Monday, January 17, 2011

Gun Maker Glock Needs to Edit Its Social Presence

Here are two truisms that until today were in no way connected:

1) Corporate social media engagement is more credible and carries greater impact when the organization adheres to the highest levels of transparency; and

2) The right to bear arms is guaranteed to Americans in the Second Amendment of the US Constitution.

After reading this article on Brand Channel I took a stroll over to gun maker Glock's Facebook fan page.  I found many of the user submitted photos to be disturbing and, in light of the shootings this month in Tucson, in poor taste.

I don't own a gun, yet certainly respect those who elect to do so responsibly.  I also agree that companies should refrain from censoring the comments and contributions of their customers.

Yet, in this case I think Glock needs to take action and remove certain photos from its fan page.  They create a harmful impression of the company and its more mature customers.

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Update:  I shared my post with Strategic Communications Group's (Strategic) senior team and my colleague and partner Shany Seawright provided a well articulated and insightful response.  Wanted to share it.


Yesterday, Marc pointed to the Glock Facebook fan page and his post on the appropriateness of the photos that were uploaded by users. He asked our opinion on if Glock should remove photos that are inappropriate. 
 
Yet, what I think is inappropriate, a Glock fan would not. The fact is this is a fan page of guns
 
Personally, I felt that the photos that Glock uploaded were just as bad as the ones that users uploaded. But my personal opinion on guns aside, I would say that Glock is staying true to its industry and is not doing anything that another corporate fan page wouldn’t do.

They’ve provided guidelines for how users can engage http://www.facebook.com/GLOCKInc?v=photos#!/note.php?note_id=448975327606 and have protected themselves legally from what users may say or do. They also reserve the right to remove and delete any content that doesn’t follow the guidelines that they have set forth.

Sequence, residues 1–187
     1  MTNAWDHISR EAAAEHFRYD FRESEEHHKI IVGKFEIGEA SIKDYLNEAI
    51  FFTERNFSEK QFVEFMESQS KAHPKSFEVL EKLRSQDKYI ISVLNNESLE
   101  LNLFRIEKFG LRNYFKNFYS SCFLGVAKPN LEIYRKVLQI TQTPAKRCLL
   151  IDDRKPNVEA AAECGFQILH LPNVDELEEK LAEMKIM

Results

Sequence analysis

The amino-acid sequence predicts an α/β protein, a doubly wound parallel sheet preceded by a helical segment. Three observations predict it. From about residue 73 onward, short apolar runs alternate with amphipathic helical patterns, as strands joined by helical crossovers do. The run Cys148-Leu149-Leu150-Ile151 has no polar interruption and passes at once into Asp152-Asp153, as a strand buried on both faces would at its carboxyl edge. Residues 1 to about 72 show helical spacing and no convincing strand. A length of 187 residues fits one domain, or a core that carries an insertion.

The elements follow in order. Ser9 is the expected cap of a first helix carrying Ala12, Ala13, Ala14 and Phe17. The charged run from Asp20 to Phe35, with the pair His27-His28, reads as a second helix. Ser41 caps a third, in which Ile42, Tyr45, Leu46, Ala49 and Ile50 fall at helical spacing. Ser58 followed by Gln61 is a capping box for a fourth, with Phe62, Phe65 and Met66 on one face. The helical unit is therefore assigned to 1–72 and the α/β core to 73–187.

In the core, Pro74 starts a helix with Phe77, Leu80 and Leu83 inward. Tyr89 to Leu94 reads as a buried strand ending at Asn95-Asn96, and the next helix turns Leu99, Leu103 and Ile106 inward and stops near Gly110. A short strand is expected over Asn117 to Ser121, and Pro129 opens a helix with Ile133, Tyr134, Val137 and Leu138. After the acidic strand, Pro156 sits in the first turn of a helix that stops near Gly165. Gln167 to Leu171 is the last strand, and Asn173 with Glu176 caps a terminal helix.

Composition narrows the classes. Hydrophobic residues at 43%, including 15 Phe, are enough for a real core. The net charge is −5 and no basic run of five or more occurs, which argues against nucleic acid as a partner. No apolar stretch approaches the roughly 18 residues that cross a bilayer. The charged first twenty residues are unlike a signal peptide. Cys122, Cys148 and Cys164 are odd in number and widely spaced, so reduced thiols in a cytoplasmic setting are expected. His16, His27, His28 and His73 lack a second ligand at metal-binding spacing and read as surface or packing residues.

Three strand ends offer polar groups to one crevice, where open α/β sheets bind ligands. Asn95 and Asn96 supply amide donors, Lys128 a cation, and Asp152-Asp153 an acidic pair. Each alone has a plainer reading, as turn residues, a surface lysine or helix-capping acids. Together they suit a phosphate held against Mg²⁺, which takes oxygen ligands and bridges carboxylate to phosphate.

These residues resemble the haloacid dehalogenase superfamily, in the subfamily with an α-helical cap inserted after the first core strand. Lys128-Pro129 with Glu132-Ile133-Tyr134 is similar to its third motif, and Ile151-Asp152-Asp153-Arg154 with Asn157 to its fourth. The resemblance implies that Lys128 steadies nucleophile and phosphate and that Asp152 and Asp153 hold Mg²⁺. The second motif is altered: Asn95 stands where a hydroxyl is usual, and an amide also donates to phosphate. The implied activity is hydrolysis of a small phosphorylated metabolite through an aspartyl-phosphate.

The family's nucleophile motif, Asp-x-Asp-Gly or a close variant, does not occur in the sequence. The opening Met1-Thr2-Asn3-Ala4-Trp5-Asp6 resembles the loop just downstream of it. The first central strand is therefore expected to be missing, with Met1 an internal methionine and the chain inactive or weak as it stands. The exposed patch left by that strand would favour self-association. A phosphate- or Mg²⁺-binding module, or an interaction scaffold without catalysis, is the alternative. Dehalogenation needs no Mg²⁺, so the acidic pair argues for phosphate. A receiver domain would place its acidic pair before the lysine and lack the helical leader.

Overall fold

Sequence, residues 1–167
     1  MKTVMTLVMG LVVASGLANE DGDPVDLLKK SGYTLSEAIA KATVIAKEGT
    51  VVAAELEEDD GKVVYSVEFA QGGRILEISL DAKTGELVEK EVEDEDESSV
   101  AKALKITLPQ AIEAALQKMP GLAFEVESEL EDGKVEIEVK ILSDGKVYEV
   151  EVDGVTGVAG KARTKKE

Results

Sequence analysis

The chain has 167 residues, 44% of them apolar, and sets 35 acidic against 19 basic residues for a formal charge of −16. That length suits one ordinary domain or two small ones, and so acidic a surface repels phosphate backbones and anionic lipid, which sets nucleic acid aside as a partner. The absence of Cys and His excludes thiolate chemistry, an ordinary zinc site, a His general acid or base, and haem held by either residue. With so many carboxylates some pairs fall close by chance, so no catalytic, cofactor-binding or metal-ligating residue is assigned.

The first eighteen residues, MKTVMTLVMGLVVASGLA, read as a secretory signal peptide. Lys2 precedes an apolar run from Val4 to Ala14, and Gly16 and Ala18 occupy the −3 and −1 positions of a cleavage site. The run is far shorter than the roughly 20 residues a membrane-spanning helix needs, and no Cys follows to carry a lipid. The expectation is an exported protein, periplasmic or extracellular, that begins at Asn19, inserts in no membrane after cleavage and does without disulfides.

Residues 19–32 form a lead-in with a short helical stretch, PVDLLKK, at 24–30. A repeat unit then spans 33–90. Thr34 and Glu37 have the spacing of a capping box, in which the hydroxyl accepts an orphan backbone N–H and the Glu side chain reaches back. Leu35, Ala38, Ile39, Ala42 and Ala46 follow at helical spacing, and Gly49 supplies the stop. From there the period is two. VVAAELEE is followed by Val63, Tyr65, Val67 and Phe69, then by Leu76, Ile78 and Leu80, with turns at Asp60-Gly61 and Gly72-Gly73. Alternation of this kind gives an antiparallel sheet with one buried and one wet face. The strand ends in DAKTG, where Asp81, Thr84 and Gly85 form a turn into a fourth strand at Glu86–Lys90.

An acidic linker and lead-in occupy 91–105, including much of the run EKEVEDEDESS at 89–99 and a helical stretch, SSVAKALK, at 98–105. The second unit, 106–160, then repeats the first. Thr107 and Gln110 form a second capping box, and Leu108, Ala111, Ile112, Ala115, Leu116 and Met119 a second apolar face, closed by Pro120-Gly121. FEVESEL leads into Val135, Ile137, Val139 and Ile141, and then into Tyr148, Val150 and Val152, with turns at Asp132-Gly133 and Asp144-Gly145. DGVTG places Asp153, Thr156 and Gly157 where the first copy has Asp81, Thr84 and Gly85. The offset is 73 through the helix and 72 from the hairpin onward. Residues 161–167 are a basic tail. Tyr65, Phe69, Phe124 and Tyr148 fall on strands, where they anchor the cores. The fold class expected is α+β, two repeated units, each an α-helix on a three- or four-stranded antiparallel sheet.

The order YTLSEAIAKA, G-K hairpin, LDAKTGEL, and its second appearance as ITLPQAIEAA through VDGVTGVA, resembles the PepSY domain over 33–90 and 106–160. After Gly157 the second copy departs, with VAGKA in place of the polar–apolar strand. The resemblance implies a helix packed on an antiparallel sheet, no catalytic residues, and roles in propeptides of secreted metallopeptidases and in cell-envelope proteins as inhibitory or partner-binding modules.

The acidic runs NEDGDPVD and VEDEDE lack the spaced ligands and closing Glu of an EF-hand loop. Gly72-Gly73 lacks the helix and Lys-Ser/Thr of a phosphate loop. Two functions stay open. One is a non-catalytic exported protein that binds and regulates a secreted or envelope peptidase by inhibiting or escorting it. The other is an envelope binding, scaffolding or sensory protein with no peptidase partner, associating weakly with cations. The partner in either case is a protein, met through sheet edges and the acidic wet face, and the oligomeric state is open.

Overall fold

5 comments:

JeromePineau said...

Can you point to which pictures specifically you are referring? I mean there are a lot of them there...would be nice if you provided a few examples.
Thanks

Marc Hausman said...

Hey Jerome -- I appreciate you stopping by the blog.

Just click through to the BrandChannel article for a selection of inappropriate photos from the Glock Facebook fan page. I didn't see the need to re-publish images that verge on the offensive.

JeromePineau said...

I dunno, maybe an index? I don't see anything particularly shocking in there - would be interesting to see if they address your concerns though - have you tried communicating with them either on FB or out of band? Maybe they don't even know about the pics...I just find this use case interesting as a community manager myself :)
Thanks
J.

Marc Hausman said...

Jerome,

Interesting...your comment points to quite a challenge when it comes to social media engagement -- perception is personal.

For instance, I find photos of children with guns and slogans like "Suck my Glock" to be offensive.

That's not to say everyone feels the way I do because that could very much be part of the culture of gun ownership.

JeromePineau said...

I can't seem to find those pics - there's so many of them - but regardless, you're absolutely right - the slogan is tasteless no matter what the context and involving kids with guns, outside the context of firearm safety, is probably not warranted.
I don't think it's so much about gun culture - you find tasteless content in just about every industry, including luxury watches believe it or not. The community manager should set rules with respect to UGC that are in line with the brand's image and culture. I doubt this is what Glock would want to be associated with - in this case they are probably not monitoring content. In either case, what would be interesting is confronting them about it! Only then can you make a final judgement with respect to the company. If they don't care or are not on the ball, then everyone can reach their own conclusion.